Towards the end of June, as the city of Severodonetsk fell into Russian hands, Bryce Wilson remembers it as something akin to a scene from an apocalyptic movie.
A haphazard convoy of all types of vehicles fled the city on a passable route. Waste collection trucks carrying soldiers, construction vehicles, civilian cars old and new, all abandoning a place once home to more than 100,000 people.
"It was like a scene from Mad Max and there were all sorts of vehicles thrown into the mix to evacuate people as quickly as possible" Mr Wilson explained to Prime Time.
For most present, it was a one-off scene never to be experienced again. But for Australian Bryce Wilson, it was the latest in a series of towns and cities he has witnessed first-hand being reduced to rubble as its citizens were forced to leave.
But while most are trying to get away from the horrors of war in eastern Ukraine, he's chasing it.
As a photojournalist, Wilson documents the devastation caused by the Russian military to civilian infrastructure, petrol stations and bombed homes. But most importantly, he captures lost lives.
"Many places in eastern Ukraine have largely been abandoned. I was working in a small town called Siversk. I took photographs of graves that others had dug when they buried neighbours in front of their apartment."
Yesterday in Siversk, Mr Wilson reported that many people are now living in shelters or basements because of the intense shelling around the town, and the level of destruction caused to buildings. In recent days, he has been trying to deliver water, bread and basic needs to locals who have had no clean water for weeks.
Providing humanitarian aid has nearly cost him his life. On one trip to the town alongside French correspondent, Guillaume Ptak, the pair had tried to help evacuate some locals in their car, but later got caught in the middle of a two-way artillery firing range between Ukrainian and Russian forces.
"Driving around Ukraine at the moment is certainly dangerous in some places. When we were leaving Siversk there were Grads (a type of rocket) and artillery coming in around us as we were driving out of the town."
But driving in dangerous areas is a necessary hazard when you are a war photojournalist. To get to the frontlines of the Donbas region safely in a car requires local knowledge. Mr Wilson has been based in Ukraine for several years and knows the local terrain.
"There are certainly places in eastern Ukraine where it's incredibly dangerous to drive because the roads are exposed to artillery. There are a few safe passages into the east of the country like highways that are still open and accessible. But many roads closer to the frontline are incredibly dangerous and often at risk of being struck by mines as well."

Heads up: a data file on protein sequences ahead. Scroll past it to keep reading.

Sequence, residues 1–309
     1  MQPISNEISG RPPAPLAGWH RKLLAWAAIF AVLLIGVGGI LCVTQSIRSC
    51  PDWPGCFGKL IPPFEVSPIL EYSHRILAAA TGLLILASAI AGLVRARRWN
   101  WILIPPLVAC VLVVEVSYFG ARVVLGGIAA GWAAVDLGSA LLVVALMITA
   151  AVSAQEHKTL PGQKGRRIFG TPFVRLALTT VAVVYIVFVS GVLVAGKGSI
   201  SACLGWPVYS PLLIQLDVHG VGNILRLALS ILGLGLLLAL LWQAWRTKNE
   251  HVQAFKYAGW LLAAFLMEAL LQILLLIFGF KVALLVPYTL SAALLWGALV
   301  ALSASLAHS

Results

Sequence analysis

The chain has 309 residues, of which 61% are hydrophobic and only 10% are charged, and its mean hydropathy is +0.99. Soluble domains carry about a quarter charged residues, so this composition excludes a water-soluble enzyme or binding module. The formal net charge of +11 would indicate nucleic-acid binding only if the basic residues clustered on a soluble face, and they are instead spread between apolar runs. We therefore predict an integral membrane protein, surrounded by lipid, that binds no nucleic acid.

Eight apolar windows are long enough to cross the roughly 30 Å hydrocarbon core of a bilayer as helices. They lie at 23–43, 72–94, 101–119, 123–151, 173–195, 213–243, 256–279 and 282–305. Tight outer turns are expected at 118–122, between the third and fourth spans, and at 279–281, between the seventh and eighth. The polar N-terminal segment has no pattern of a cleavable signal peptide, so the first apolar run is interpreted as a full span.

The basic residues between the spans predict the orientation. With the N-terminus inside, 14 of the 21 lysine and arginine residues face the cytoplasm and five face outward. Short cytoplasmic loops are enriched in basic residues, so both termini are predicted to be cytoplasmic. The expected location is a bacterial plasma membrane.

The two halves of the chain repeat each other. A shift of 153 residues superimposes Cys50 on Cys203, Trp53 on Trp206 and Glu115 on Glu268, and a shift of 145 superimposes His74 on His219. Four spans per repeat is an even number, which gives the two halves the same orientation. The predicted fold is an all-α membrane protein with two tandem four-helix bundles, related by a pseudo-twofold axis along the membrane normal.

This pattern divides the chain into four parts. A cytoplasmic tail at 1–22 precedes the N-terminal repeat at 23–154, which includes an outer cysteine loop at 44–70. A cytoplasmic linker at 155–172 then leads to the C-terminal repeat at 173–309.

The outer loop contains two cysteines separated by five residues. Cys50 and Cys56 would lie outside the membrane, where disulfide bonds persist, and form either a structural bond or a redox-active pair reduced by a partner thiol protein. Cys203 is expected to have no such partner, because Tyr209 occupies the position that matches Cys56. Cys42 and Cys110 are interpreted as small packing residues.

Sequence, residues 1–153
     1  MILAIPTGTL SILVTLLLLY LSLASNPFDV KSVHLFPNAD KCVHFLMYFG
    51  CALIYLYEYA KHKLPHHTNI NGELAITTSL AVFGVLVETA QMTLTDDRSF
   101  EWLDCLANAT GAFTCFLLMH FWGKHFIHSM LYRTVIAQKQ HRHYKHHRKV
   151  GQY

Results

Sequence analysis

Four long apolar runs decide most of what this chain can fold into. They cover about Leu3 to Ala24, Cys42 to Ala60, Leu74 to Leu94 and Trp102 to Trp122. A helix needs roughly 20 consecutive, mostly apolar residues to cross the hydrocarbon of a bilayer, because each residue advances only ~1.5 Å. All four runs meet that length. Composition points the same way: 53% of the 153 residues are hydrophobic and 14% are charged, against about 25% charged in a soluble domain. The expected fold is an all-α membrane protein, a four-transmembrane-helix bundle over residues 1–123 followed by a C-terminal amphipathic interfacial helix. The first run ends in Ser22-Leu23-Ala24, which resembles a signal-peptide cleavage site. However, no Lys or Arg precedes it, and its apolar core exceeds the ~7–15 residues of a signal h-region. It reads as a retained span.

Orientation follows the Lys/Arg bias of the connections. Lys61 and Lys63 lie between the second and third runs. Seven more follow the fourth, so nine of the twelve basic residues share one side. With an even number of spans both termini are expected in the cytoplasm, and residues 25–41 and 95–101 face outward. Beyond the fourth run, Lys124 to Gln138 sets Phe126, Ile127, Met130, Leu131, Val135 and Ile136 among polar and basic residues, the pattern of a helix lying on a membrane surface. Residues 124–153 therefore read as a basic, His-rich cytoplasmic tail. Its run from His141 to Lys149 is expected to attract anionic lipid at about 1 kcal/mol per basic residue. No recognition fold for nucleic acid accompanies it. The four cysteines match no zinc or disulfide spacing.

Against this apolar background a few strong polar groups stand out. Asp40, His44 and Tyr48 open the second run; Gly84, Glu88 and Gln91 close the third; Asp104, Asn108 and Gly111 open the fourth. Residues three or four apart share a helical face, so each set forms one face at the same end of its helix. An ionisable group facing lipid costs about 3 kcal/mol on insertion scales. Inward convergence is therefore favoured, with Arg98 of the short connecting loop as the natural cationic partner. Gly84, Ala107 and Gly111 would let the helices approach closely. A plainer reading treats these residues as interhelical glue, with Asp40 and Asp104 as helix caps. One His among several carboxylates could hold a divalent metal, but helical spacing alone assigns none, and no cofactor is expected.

A video he posted of himself and his colleague on Twitter driving out of Siversk amidst the chaos was later discovered to have been taken by a Russian telegram channel with 150K subscribers and re-branded with a watermark put on the footage, and false captions underneath used for Russian propaganda purposes.
Mr Wilson regularly livestreams on Instagram from various parts of Ukraine and updates followers with images and videos from the frontlines to keep them informed. But on occasion he has found his material misappropriated without his consent.
The level of filmed material emanating from Ukraine makes it hard to contain where a clip may ultimately end up. But equally it has allowed him to bring viewers closer to the frontline, particularly when a clip goes viral.
"I think this is the first truly internet-broadcasted conflict in human history. The level of media and access is unprecedented. The fact that throughout Ukraine there's still active mobile networks with 4G and 5G signal.
"People have been streaming gunfights. On the first day of the invasion I was live streaming on Instagram and a Russian Kalibr cruise missile flew over my head. Scenes like that have been recorded because of the internet and smartphones."
Despite the war with Russia now well into its seventh month, Mr Wilson believes morale is still high among members of the Ukraine armed forces. He has many Ukrainian friends deployed across the country. He believes the more atrocities Russia commits by bombing civilian infrastructure, the greater the desire by Ukrainians to liberate territories occupied by Russia.
They are in it for the long haul.
"I don't believe the fighting is going to end in a month or in three months. Certainly, Ukraine is preparing for the war to continue through the winter. Many people are adjusting to the idea that this war could continue for a very long time."